Not-Paying-Attention-At-All Parents: These parents sure love their children, and sure they care about them, just not quite enough to notice anything while they’re gone in adventures nearly dying a bunch of times, going through heavy drama at school, fighting demons, etc.
Orphan Protagonist: Well, this solves the problem above. If there are no parents, they can’t possibly be negligent. Book is probably named after said orphan.
Overly Optimistic Young Woman: This is a chick-lit staple. She’s nice, friendly, quirky and overly optimistic about her future, although things aren’t going too well at the moment. Some powerful guy will fall in love with her. She’s somewhere between 20 and 35, white and possibly has brown hair. Might also be a Clumsy Relatable Girl.
Powerful and Evil Wizard: They’re evil because they’re evil. Probably immortal, but don’t worry, not really immortal – there’s probably a Unqualified Hero somewhere who the prophecy says will kill them.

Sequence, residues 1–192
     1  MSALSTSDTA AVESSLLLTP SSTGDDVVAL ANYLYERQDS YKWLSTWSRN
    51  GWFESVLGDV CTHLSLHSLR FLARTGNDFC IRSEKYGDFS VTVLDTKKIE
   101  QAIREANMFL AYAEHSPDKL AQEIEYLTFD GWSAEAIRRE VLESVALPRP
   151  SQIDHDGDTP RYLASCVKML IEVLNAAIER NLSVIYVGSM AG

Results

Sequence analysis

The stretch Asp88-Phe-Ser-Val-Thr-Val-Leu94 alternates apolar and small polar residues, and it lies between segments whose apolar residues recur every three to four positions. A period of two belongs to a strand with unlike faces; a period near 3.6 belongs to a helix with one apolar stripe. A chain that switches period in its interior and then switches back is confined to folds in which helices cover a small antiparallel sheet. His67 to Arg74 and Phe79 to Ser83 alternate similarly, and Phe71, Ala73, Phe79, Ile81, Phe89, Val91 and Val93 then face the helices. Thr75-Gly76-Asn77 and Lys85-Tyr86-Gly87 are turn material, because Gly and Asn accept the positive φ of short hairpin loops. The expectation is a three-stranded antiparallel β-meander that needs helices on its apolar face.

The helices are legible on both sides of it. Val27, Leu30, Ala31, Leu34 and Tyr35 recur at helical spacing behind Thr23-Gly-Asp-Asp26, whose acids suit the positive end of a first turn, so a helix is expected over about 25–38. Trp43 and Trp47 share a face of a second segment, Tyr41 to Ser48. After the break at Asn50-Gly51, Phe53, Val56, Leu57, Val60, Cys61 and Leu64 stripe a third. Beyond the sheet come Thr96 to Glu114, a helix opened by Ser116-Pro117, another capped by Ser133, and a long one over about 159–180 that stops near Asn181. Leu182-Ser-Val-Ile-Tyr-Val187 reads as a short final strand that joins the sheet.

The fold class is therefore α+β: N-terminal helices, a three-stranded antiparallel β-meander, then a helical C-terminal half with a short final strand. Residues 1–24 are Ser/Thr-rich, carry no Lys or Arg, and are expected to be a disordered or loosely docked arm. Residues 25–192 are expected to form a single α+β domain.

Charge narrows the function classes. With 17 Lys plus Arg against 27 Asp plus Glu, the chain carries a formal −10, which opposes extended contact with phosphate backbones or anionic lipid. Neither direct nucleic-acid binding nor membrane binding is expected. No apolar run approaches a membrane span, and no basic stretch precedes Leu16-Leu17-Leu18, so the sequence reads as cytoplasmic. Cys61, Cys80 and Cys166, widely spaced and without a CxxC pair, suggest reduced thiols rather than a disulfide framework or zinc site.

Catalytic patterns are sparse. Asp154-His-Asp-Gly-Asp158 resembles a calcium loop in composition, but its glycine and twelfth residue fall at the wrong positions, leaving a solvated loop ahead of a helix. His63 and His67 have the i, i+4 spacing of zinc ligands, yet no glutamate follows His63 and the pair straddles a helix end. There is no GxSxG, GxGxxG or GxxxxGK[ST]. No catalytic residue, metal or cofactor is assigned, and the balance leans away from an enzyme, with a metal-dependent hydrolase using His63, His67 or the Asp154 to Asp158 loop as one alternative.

Rich Hot Guy With Lots of Free Time: Sure this guy is busy, super powerful, unimaginably rich while maintaining a really sexy figure, but he definitely has all the time in the world to spend with Overly Optimistic Young Woman. Bonus points if he spends lots of money on her.
Sexy Smart Woman Who Follows The Hero Around: she’s smart, gorgeous, sexy and totally into the guy who’s the actual protagonist. She probably has more knowledge than him on the mystery they’re trying to solve, but will gladly let him get all the credit. They met 5min ago but she totally trusts him.
Stuck Up Successful Business Woman Who Needs to Learn to Enjoy Life: and who’s best to teach that than a reckless, unrealistically Type B love interest?
Thief Who’s Actually a Good Person: The thieving might be out of necessity or just for fun, but don’t be fooled like the non-main characters: they’re actually good people and have a heart of gold. Probably an Orphan Protagonist as well.